The OTT wake-up call: Why it’s time for operators to rise and shineThe OTT wake-up call: Why it’s time for operators to rise and shine
Major OTT players like WhatsApp, Facebook Messenger and Viber have become choice messaging services for consumers wanting low cost, global communication; creating an ecosystem where operators need to seriously consider which type of partnership or OTT integration models will enable them to drive revenue and sustain their business long term.
August 5, 2014
Telecoms.com periodically invites expert third-party contributors to submit analysis on a key topic affecting the telco industry. In this piece Thorsten Trapp, Co-Founder and CTO of tyntec, looks at the threat to operators from OTT players and suggests that cooperation may be the best way forward for all concerned.
There are over 2 billion OTT voice and messaging apps installed around the world and for the first time, more messages are being sent via these applications than traditional SMS. In 2013, the total number of messages sent and received from WhatsApp was more than double the global total of SMS traffic for the same year, despite both services being as readily available.
According to research by analyst house mobilesquared, by 2017, over two thirds of smartphone users will be communicating through OTT services and the OTT communications market is expected to be worth an estimated $53.7 billion. Major OTT players like WhatsApp, Facebook Messenger and Viber have become choice messaging services for consumers wanting low cost, global communication; creating an ecosystem where operators need to seriously consider which type of partnership or OTT integration models will enable them to drive revenue and sustain their business long term.
No operator is an island
Some mobile operators have attempted to compete with OTTs by offering their own “OTT-like” services. For example, Telefonica’s TU Go app debits subscribers’ existing minutes to make / receive calls as well as use SMS and voicemail features. But services like this are isolated only to their subscribers and do little to connect them with the greater would-be customer pool of OTTs.
The same research shows that this self-generated OTT option is losing its appeal for operators, simply because of the complexities involved to successfully integrate or launch such a service. By example, the Joyn initiative was proposed as a collective method to combat OTT services, but its extended-time-to-market and integration complexities have caused operator interests to wane.
Strength in partnership
Instead of a competitive approach, we are now seeing a renewed interest in partnerships as operators recognise that it offers the best chance of further growth. Partnerships such as the E-Plus and WhatsApp bundled SIM or Deutsche Telecom and Dropbox Android preloaded file sharing and storing give us a glimpse of what more partnerships might look like in the near future.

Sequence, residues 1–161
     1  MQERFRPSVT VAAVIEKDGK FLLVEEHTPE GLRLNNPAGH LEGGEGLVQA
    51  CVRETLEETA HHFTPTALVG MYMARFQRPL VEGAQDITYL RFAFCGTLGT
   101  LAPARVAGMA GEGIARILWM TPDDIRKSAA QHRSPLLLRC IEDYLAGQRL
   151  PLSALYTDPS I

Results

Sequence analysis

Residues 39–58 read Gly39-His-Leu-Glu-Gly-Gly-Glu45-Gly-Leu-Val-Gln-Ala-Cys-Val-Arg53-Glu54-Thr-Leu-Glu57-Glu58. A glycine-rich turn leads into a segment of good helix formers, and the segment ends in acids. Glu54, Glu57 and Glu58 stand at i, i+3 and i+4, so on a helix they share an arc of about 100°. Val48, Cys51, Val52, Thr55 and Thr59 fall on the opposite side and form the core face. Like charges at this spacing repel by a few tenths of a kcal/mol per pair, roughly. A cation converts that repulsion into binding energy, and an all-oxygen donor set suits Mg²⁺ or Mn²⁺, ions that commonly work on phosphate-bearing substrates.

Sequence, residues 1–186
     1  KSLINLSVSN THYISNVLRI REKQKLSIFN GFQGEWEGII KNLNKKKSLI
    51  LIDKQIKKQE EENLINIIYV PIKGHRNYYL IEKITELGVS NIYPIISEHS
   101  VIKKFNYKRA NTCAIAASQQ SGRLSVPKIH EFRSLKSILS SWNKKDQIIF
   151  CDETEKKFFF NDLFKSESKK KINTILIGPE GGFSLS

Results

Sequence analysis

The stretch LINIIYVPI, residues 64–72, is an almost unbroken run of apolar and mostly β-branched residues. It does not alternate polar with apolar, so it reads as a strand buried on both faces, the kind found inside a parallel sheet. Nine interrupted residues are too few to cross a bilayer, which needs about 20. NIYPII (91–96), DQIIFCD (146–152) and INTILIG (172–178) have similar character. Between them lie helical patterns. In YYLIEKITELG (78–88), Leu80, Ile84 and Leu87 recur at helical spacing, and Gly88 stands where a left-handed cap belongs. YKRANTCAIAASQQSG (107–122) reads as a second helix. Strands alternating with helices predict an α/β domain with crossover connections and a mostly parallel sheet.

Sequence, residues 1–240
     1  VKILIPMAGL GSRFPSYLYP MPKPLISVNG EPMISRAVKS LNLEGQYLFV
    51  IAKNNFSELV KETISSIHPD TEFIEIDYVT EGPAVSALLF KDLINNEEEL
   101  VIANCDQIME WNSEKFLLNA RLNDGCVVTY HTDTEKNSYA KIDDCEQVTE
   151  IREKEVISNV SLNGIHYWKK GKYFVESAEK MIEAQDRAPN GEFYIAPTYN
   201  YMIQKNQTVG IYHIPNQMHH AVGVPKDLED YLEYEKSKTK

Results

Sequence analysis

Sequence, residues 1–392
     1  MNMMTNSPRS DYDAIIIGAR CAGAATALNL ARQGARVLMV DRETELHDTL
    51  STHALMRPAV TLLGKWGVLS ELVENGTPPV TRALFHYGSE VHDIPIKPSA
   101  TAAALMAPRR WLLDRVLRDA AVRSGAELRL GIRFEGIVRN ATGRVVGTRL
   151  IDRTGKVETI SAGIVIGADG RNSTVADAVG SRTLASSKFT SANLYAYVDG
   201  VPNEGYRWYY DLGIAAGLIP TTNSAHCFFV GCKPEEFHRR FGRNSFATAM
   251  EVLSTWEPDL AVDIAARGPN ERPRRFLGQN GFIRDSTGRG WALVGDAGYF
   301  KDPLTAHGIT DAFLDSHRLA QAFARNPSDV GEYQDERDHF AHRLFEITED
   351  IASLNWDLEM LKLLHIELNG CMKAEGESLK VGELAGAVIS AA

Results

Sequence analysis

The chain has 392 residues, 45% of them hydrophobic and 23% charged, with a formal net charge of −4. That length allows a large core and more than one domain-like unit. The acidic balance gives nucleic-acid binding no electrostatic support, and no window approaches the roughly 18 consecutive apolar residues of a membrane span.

Ultimately, partnerships which close the disparate worlds of telecom and web will yield the greatest benefits for both operators and OTT players. Partnership extends their respective reach and gives them access to a larger group of potential customers—as well as the possibility to generate additional income from data, voice and messaging revenues.
As an example, using existing telecom elements partnerships can benefit both operators and OTTs potential to generate revenues from off-net access by:
Renting virtual mobile numbers.
Terminating additional SMS or voice traffic into the operator network.
Offering branded app services to their subscribers.
A clear direction?
Each side brings their strengths: OTT players bring their brand recognition and MNOs/MVNOs bring their network connectivity.
Only time will tell if operators will be compelled to enter into dialogues with OTT players and embrace innovation. In doing so, they will certainly play a role in the new, modern telecommunications ecosystem. However, their inability to act puts them at greater risk to experience tumbling revenues, customer loss and lowered position in the marketplace.
About Thorsten Trapp
Serial entrepreneur Thorsten Trapp co-founded tyntec in 2002. His deep knowledge of the technical side of telecommunications combined with his ability to spot emerging trends and develop products and services to meet industry demand mean he is a highly regarded industry expert who is a regular feature in the global trade press. Thorsten developed the company’s Mobile Messaging platform architecture which powers tyntec’s core business and is chiefly responsible for the company’s technical innovations and intellectual property. Amongst others, he is the inventor of tyntec’s dynamic SS7 platform, its Mobile Number Portability System and disruptive tt.One product.
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